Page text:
Leaders are always under stress to perform. They must lead their teams to achieve higher results, maintain calm under immense pressure, communicate well in tough situations, build cross-functional relationships, and typically, work until the point of exhaustion to get it all done. All of this can often lead to feeling overwhelmed and weighed down with stress.  

Over the years, I’ve worked with leaders to find a better way. It’s called leading lightly, and I’ve written a book on how to achieve it.  

Leading lightly means that no matter what happens during your day, you have the capacity to approach everything with enduring ease and clarity. It is a state of being that naturally arises when you have learned to let go of your internal noise and emotional clutter. 

To be able to lead lightly, you must first develop your mental fitness so you can optimize performance at all times. And even if you feel like you are totally on your game (and have a history of achievements to prove it), I bet there’s at least one blind spot that could be holding you back in being able to level up your leadership. For example, you may be: 

  • Blind to how you are perceived by your team or colleagues, 
  • Blind to your perspectives and cognitive biases, 
  • Blind to your deeply reactive, automatic responses, 
  • Blind to your well-honed defense systems. 

When we are blind, we’re unaware of what’s actually driving our behavior (or lack of behavior), the decisions we make, and the ones we avoid. Many of us actually believe this limiting behaviors are simply “who I am.” But when you lead lightly, you are able to see yourself, in the moment, and are able to manage those moments that sabotage your performance, your decision-making capacity, and your capacity to communicate effectively. You literally retrain your brain to pause, assess and reframe a situation to a more productive “lens” and act accordingly, rather than on auto-pilot (which can result in defensiveness, reactivity, closed thinking, etc.), as we normally do.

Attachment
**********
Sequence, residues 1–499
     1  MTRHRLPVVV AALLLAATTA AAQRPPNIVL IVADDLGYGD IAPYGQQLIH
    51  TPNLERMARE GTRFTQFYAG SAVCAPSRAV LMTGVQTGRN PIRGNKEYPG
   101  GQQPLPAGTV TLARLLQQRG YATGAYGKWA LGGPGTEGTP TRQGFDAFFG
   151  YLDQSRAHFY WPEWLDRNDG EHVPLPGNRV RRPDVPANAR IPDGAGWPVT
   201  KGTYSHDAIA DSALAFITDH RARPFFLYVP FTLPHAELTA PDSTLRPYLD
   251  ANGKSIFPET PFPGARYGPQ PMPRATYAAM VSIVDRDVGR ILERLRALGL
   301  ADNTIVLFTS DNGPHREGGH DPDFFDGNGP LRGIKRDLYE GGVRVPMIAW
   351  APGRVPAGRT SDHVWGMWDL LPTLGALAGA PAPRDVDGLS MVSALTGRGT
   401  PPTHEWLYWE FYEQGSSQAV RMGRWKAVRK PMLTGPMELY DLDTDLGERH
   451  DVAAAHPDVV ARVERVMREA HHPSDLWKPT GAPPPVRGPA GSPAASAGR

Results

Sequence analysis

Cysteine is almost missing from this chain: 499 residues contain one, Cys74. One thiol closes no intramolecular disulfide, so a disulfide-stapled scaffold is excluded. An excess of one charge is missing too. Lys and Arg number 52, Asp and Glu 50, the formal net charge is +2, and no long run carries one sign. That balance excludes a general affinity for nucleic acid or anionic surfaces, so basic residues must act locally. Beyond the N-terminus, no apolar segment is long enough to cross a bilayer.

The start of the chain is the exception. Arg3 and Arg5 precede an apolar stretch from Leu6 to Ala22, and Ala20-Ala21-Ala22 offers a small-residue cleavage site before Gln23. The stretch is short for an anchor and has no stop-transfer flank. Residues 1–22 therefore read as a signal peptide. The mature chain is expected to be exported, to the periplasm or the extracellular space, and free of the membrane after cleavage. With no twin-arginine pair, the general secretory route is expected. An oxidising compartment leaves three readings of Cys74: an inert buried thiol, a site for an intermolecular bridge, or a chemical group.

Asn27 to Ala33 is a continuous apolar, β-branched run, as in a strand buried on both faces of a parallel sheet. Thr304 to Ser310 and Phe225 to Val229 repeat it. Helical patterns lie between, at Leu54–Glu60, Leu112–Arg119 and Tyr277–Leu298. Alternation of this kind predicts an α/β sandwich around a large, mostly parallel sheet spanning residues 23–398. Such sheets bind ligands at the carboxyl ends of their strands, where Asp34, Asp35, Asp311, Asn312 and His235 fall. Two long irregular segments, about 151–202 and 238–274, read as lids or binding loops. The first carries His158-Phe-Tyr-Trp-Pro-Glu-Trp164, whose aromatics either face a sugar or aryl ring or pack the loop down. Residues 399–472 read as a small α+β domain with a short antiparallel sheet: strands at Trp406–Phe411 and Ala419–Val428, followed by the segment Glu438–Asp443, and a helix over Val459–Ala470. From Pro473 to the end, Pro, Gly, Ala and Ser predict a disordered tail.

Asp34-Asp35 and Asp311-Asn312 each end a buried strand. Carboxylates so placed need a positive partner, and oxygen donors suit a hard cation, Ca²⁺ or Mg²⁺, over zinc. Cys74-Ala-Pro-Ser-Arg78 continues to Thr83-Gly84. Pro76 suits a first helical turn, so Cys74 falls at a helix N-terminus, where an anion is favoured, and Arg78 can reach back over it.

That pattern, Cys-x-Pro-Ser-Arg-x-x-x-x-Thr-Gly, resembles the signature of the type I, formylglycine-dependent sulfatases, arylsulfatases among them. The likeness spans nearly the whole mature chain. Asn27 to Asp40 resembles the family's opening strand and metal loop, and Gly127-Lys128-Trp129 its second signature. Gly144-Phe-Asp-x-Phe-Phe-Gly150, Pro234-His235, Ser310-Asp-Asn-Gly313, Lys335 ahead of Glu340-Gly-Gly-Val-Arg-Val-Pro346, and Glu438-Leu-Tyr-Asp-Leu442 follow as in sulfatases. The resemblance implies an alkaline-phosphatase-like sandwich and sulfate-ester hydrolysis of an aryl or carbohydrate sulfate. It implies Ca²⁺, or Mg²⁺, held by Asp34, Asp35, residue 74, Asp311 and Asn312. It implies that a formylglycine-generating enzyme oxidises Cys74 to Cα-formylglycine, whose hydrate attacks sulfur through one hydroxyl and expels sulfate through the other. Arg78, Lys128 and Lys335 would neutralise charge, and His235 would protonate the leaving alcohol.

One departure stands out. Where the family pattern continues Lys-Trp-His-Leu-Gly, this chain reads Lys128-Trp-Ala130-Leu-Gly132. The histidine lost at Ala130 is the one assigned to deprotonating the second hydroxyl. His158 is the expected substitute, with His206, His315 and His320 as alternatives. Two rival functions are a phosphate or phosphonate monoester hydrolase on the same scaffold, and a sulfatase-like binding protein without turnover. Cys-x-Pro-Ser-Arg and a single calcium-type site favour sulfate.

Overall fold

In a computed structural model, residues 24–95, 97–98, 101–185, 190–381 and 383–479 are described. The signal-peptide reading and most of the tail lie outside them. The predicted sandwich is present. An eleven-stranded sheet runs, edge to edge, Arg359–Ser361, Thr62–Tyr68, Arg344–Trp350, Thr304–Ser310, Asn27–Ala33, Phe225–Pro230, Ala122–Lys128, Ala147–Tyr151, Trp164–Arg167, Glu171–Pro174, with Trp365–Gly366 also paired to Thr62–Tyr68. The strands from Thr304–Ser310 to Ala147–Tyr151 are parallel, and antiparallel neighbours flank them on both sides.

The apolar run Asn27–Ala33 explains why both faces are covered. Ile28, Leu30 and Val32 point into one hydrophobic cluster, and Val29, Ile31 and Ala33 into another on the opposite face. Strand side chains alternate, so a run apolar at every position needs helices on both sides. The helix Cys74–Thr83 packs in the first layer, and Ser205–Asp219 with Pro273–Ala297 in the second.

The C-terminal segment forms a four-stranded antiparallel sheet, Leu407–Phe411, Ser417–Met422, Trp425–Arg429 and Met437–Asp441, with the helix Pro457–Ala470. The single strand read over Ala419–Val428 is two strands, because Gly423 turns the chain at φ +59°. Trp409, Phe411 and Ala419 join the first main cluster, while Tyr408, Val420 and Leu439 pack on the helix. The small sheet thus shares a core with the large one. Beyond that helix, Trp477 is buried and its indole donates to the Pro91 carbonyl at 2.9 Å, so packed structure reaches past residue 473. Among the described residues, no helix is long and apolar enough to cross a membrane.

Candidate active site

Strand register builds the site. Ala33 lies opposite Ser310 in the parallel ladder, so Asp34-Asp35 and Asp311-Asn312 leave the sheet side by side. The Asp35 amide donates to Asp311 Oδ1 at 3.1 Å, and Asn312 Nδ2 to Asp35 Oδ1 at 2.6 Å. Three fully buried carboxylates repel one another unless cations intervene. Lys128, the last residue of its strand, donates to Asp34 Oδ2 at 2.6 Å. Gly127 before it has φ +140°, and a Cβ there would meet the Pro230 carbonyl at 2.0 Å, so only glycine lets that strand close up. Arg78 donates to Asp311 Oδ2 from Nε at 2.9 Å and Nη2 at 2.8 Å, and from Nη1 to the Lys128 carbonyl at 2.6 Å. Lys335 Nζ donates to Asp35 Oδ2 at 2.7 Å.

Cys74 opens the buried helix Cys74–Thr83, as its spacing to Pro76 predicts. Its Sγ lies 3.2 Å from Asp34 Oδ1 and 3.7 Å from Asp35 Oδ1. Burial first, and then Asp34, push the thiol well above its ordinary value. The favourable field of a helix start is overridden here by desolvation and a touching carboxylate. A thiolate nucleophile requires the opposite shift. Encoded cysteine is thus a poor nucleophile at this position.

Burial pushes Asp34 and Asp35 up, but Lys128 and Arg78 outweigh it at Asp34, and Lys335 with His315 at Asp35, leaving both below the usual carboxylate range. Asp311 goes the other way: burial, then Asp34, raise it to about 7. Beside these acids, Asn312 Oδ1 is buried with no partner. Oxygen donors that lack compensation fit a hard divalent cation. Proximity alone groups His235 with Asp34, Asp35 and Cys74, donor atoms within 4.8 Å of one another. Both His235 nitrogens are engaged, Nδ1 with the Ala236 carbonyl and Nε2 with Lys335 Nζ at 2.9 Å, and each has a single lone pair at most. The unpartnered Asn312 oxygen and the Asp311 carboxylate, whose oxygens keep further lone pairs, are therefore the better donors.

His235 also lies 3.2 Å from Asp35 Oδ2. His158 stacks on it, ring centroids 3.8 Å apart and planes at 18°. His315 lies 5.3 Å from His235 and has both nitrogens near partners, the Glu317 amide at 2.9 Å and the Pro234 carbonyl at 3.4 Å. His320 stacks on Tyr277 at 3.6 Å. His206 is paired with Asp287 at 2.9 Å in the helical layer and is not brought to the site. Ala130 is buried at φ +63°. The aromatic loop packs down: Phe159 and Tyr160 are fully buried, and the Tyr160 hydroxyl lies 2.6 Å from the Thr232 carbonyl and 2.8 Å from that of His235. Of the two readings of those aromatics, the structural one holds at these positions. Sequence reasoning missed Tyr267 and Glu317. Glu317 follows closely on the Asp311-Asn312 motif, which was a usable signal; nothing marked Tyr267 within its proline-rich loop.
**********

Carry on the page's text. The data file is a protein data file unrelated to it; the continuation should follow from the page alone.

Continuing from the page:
I’ve been coaching clients for over 25 years, and I know first-hand this transformational mind shift is possible if you put in the work. Of course, there are critics. So here are the top five myths of leading lightly debunked: 

Myth #1: It is too “soft” of an approach for competitive leaders. You must be tough to get results. 

This is one that I get pushback from people on all of the time. They say a leader needs to be tough to create performance. But leading lightly doesn’t have anything to do with being soft. It doesn’t lower standards or expectations. It actually increases them, because you can create more clarity about what you are trying to accomplish. You aren’t softer, but you are coming at the situation from a perspective that doesn’t create increased anxiety or stress and overwhelm others. You have the same level of expectations and the same level of standards that you had before. You’re just feeling better, and your team is feeling better, and they’re more rested as a result of your change in leadership.  

Myth #2: It doesn’t have an effect on a company’s bottom line or employee/organizational performance.  

This myth couldn’t be farther from the truth, because leading lightly has a huge impact on a company’s bottom line! When you are have mental fitness, you are more equipped to build cross-functional alliances, you are better at being non-reactive, you are more effective managing down, you have empathy as well as being very clear in your communication and employee effective listening skills.  

All of these leadership skills have a solid return on investment because you build retention when you practice them. You make better decisions because you are using the full capacity of your brain. You react well in stressful situations. You don’t take things personally. You aren’t reactive or defensive. You operate at a different level, and people are noticing and responding to you in a more positive way. People will want to partner with you; they will want to work for you and that’s important for attracting talent, especially during The Great Resignation. 

Myth #3: It will make me lose my edge as a leader.